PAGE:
DSCN5371The second surprise was that the second draw is fitted with a spacer so as to not let the draw out to as long as it could be – obviously the objective lens used was not as long in the focus as had been expected. No matter, at least it had been noticed, and with the spacer it now does not seem to be necessary to push the tubes in too far to gain a focus.

Some before and after pictures in relation to the polishing are shown below.

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Summary

Using the telescope, it is actually very effective, which is the main requirement after all, once you have a clean instrument. Good focus, good view and magnification. Total length open is 18.5”, closed is about 8.5”. Objective is 42mm dia, but the optically used diameter of the lens is more like 1”.

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Bought February 2017 from an Ebay seller in Felixstowe. Accession Number #299.

Gilbert & Wright scope, circa 1800

Another telescope that came from the ‘Navigation Warehouse’, at 148 Leadenhall Street, London, at around 1800. See the previous comments about the people working there in the story about the Gilbert telescope, loaded onto this website on 24 Dec 2016. This was the place to go to, if you wanted the best in telescope making expertise for a particular duty, whether astronomical or nautical.

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In fact Gilbert worked in the partnership Gregory, Gilbert & Wright – from 1790-93. This telescope however is labelled as from the Gilbert & Wright partnership, which is quoted to have operated between 1790 and 92, and again between 1802 and 1805: in both periods they were based in the Navigation Warehouse.

The design is unusual, for the date, which is 1790-1805, 210 to 223 years ago. It is presumably a specially commissioned unit for a specific task, ie it was custom built for one of their customers, to his specification.

Who was the Customer?

This telescope is a two draw, completely brass unit. It is large in size, being 37.75” (96cms) long when fully extended: the length when focussed is considerably shorter, at 30.5” (77.5cms). This does mean that completely extended, it will give a focus on an object about 5 feet away from the objective, if you might wish to do that! But an advantage of the travel of the first draw is that there is around 1cm of movement where a distant object remains in a fairly good focus to the observer. The OD of the objective lens holder is nearly 2”, actually 4.9cm.

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Fully closed up the length is 15.25”: there is no sunshade or lens cap to protect the objective lens. On the eyepiece there is a slider that moves across the lens aperture: the second smaller aperture in the slider appears to originally have had a lens or filter mounted in there. Possibly located here was a deep red ruby filter (which restricts the light passing through to the eye, and so allows the telescope user to look at the edges of the sun, or at sunspots). Whether this means it was a telescope for use in an Observatory or similar I’m not sure. The generally ‘unfinished’ nature of the construction, with no protective covering on the barrel, no sunshade etc, might also imply it was not intended for outdoor (ie shipboard) use.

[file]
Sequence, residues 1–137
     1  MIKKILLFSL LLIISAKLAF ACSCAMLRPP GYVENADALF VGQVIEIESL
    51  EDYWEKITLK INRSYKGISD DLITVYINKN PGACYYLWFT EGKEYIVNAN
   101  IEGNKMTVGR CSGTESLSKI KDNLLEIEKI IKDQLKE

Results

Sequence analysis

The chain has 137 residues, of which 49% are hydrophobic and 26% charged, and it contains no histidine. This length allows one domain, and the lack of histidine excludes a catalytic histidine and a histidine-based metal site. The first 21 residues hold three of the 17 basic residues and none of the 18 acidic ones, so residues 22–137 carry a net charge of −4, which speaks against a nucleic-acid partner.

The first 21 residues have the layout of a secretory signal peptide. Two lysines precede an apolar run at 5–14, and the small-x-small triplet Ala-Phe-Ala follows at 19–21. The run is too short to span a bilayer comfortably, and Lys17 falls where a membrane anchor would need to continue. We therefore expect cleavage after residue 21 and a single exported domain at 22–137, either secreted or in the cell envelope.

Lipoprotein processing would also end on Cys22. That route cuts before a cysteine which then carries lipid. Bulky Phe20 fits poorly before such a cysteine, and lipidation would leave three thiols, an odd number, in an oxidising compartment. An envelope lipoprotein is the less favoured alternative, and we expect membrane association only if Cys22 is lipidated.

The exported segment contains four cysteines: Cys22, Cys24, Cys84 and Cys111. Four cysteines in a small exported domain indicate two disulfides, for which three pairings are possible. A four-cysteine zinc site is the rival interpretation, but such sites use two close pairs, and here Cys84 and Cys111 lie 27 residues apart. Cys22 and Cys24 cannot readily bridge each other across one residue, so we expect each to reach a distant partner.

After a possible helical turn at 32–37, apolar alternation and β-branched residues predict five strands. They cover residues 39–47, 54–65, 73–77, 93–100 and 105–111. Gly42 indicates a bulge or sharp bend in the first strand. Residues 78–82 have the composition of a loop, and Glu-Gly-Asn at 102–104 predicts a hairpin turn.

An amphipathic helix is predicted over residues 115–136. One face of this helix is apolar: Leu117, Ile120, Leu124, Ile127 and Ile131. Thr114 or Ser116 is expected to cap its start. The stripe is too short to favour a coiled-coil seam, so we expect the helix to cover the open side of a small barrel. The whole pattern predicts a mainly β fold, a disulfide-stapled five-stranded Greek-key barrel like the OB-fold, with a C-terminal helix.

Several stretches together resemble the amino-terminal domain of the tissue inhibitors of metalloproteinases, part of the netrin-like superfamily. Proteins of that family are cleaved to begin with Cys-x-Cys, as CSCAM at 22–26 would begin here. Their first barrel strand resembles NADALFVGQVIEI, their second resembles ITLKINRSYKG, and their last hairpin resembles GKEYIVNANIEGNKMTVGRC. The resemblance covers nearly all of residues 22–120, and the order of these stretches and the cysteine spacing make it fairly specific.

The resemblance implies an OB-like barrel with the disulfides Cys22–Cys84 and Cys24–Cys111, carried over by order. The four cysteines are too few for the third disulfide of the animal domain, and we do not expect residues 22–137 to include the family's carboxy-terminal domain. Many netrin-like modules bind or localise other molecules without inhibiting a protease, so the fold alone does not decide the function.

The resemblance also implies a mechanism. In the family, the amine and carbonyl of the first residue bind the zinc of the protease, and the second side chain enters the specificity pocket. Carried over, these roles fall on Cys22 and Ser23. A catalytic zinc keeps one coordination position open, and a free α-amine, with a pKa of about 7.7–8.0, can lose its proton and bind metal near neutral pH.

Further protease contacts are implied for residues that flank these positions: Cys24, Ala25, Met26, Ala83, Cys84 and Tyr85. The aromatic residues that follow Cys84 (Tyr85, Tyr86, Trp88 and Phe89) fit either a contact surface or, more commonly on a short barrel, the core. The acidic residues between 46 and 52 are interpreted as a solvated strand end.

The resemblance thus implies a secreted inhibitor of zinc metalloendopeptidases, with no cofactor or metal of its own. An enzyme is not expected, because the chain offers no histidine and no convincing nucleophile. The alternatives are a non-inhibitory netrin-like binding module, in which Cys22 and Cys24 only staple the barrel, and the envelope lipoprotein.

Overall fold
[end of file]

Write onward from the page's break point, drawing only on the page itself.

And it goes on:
The Engraving

Another possible use might have been as a “lower magnification” aiming telescope, to be attached to a larger magnification scope in an Observatory. There are no obvious mounting points for this telescope, so it must have been strapped in place in some way. But the interesting positioning of the words engraved on the first draw, around the eyepiece, implies that the normally expected reader was maybe looking normally downwards, towards the top of the eyepiece: the words are then written horizontally, to this view, on one side of the draw, but around the curve of the brass tube.

DSCN5383The actual engraving says

Gilbert&White

London

Improved Telescope

…and the positioning on the first draw can be seen from the photograph.

Further data

Inside the first draw, the two eyepiece lens cartridges are fairly conventional in design: the first one (near the eyepiece) is engraved along the length with the words “SMALLEST POWER”. Presuming that another cartridge of higher power was supplied for the telescope (a standard approach with astronomical instruments) then this would explain the need for the first draw to be pushed in a long way to achieve focus – the other (missing) eyepiece might need to work with a focal point much further out.

Each draw is marked with an arrow, plus there are two arrows on the main barrel, pointing towards the objective. In my view this indicates the desirable orientation (rotation position) of the two draws, to get the parts of the telescope lined up in the original, ‘ex-factory’ setting.

The telescope was bought on Ebay in October 2016, for £87 including carriage, and there were no other bidders. Whether it is relevant I don’t know, but it came from Dorchester. Obviously there were not many people interested in a curious design of a 215 year old telescope! It did have a well-respected name….in a curious orientation, which is why I chased it.

Accession Number #293.

JT Coppock 1960s Telescope